Brief Fact Summary.
Hanks (Plaintiff) sued Powder Ridge Restaurant Corp. (Defendant) for negligence after being injured at Defendant’s winter resort. Defendant claimed that the waiver Plaintiff signed released it from all liability, even for negligence.
Plaintiff and four children went to Powder Ridge, a winter resort operated by Defendant in order to go snowtubing. None of the five had snowtubed at Powder Ridge before, but the resort allowed all individuals over six years old or forty-four inches tall to participate, regardless of prior experience. Before participating, Defendant required customers to sign a waiver that released Defendant from liability for injuries, including those resulting from negligence. Plaintiff read and signed the waiver. During the snowtube run, Plaintiff’s foot was caught between the tube and the side of the run, resulting in severe injuries leading to multiple surgeries. Plaintiff sued Defendant for negligence and Defendant moved for summary judgment based upon the waiver. The trial court granted Defendant’s motion, finding that Plaintiff’s acceptance of the waiver agreement released Defendant from liability. Plaintiff appealed, arguing that a person of ordinary intelligence reasonably would not have thought that the agreement released Defendant from injuries caused by negligence, and that the agreement violates public policy because the operator of a recreational operation that services the public cannot release itself from liability for negligence.
Is an exculpatory clause in a waiver a violation of public policy even when it is clearly stated and well-drafted?
(Sullivan, C.J.) Yes. An exculpatory clause in a waiver signed by customers at a winter resort violates public policy even when it is clearly stated and well-drafted. In Hyson v. White Water Mountain Resorts of Connecticut, Inc., 829 A.2d 827 (Conn. 2003), the plaintiff sued after being injured while snowtubing at this same resort. The plaintiff in that case had also signed an exculpatory agreement, although that agreement did not specifically disclaim liability in cases of negligence. The court decided that the agreement did not bar recovery for negligence because the law disfavors exceptions from negligence in situations where the public has the right to expect a safe operation and a reasonable person signing the agreement might believe that the agreement only disclaimed liability for injuries resulting from the inherent dangers of the activity. Here, the agreement Plaintiff signed does expressly disclaim liability for injuries resulting from its own negligence. Although parties are free include whatever provisions they wish in a contract, terms that are against public policy are unenforceable.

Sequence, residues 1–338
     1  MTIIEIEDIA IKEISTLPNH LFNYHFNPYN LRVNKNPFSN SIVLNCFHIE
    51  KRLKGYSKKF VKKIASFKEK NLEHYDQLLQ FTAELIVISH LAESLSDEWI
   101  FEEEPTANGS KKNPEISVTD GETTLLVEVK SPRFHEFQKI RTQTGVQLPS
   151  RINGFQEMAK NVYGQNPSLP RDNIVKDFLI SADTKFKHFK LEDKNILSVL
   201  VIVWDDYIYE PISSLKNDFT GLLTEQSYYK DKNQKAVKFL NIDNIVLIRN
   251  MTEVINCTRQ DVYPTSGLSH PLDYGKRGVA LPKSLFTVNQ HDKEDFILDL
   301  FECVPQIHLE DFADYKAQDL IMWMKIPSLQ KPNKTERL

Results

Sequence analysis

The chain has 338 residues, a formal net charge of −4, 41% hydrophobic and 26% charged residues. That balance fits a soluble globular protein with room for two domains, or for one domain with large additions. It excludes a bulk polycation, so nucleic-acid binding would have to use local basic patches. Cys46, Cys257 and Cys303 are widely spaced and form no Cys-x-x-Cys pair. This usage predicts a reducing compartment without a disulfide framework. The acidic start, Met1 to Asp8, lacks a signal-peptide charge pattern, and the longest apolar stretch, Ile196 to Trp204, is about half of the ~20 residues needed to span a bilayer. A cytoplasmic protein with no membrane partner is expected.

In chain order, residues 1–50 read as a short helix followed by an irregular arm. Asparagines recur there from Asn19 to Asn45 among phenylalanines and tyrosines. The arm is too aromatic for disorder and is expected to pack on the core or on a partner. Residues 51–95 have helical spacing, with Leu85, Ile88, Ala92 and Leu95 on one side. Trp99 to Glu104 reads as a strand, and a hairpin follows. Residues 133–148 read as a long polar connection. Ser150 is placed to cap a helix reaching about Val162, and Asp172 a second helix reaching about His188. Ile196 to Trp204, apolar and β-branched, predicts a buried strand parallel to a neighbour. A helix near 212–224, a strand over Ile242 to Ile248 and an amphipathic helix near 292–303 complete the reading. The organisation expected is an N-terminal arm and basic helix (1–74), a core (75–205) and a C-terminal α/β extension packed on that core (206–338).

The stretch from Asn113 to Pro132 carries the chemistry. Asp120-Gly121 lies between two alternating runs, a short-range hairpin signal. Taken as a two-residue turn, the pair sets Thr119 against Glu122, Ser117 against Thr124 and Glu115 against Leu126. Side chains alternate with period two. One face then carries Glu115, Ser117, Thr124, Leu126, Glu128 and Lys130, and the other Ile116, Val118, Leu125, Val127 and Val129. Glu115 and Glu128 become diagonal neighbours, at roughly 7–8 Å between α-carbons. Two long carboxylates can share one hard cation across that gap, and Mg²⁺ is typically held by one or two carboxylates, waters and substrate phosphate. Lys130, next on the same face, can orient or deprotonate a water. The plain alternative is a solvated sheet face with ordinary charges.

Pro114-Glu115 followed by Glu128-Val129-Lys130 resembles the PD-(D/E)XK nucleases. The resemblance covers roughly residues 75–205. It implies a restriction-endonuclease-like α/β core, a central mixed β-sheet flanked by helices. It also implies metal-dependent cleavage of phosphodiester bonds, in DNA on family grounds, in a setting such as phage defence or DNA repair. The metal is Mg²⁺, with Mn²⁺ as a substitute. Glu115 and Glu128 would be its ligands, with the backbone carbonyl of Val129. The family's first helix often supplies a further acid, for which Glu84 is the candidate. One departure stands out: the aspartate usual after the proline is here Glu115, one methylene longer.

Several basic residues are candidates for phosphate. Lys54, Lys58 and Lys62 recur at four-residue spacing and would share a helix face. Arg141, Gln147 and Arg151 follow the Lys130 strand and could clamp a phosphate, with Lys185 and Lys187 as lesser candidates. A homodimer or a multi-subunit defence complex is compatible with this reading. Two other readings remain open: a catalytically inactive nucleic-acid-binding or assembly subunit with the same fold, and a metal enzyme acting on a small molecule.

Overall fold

Exculpatory provisions conflict with the policy considerations underlying the tort system, which is to compensate innocent parties and to shift the risk of loss to those in the best position to prevent it. Tunkl v. Regents of the University of California, 383 P.2d 441 (Cal. 1963) provides the standard for determining whether a waiver of liability violates public policy. These agreements violate public policy where they harm the public interest, based upon six factors: 1) whether the waiver concerns a business commonly thought of as publicly regulated; 2) whether the party disclaiming liability is engaged in performing a service of great importance to the public; 3) whether the party serves any member of the public who asks; 4) whether the party disclaiming liability has a superior bargaining position against the members of the public seeking the service; 5) whether the party with superior bargaining power presents the public with a standardized exculpatory adhesion contract; and 6) whether, as a result of the transaction, the person or property of the consumer comes under the control of the seller and is at risk of carelessness by the seller. These factors are a guide, but not the final word. The final determination of whether a waiver harms the public interest comes from considering the totality of the circumstances in the context of societal expectations.